Washington--In an attempt to “fill a gap” in the federal special-education law, the Education Department has proposed rules that will lay out a procedure for states to follow if the department rejects any of the state’s annual plans to educate handicapped students.
Every state must submit a plan in order to be eligible for funds under P.L. 94-142, the Education for All Handicapped Children Act. Wendy Cullar, director of the office of special-education programs, said that under the proposed rules, which appeared in the Nov. 23 Federal Register, her office would have to notify a state by certified mail if its plan is rejected and provide an opportunity for a hearing within 30 days.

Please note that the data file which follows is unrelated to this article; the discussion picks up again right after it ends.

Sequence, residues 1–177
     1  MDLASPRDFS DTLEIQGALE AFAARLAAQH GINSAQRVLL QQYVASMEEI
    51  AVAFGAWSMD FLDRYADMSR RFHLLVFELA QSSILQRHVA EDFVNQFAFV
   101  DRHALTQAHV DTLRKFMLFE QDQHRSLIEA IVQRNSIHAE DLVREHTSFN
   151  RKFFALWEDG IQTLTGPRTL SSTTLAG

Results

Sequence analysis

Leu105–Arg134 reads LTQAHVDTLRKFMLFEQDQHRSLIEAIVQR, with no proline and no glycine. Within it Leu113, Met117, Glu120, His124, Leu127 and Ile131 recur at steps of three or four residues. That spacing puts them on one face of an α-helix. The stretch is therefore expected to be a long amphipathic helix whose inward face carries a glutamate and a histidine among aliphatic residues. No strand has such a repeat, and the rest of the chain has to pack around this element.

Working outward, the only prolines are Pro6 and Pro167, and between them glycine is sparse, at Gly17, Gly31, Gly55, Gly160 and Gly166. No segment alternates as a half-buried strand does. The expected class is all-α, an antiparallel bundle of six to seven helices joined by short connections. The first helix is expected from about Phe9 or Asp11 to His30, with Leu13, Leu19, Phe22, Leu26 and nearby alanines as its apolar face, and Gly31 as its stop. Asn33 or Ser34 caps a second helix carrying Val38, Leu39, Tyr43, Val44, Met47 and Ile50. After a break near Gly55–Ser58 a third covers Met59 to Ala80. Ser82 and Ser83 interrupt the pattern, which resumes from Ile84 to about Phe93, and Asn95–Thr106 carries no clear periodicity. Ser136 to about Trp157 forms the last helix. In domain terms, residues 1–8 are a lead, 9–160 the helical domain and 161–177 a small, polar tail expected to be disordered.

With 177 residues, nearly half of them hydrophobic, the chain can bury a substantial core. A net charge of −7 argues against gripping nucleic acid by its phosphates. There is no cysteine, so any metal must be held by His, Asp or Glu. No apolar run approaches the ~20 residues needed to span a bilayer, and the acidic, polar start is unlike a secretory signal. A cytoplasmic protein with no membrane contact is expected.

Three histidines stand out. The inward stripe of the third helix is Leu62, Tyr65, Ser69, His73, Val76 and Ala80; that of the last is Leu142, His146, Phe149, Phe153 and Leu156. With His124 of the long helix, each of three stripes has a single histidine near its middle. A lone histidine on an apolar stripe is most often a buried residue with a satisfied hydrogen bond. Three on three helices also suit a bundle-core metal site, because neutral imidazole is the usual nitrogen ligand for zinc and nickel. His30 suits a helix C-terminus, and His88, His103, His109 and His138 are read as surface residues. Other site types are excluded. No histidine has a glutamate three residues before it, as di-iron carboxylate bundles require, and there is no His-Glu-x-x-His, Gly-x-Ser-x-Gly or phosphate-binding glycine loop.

“This is just a specific set of rules that fills a gap in the regulations,” Ms. Cullar said. "[Previously], there was no procedure established to disapprove. What happened was that the states and special-education department negotiated, and there were some plans submitted that needed a lot of negotiations before they were approved.”
Ms. Cullar said some of the states asked that the department spell out the procedure for disapproving plans but she said she did not “anticipate that this would be a procedure we would need to use often.”
Any comments on the proposed rules must be submitted to the office of special-education programs, 400 Maryland Ave., S.W., Switzer Building, Room 3086, Washington, D.C. 20202, by Feb. 21, 1985.--at
A version of this article appeared in the December 05, 1984 edition of Education Week as Special-Ed. Rules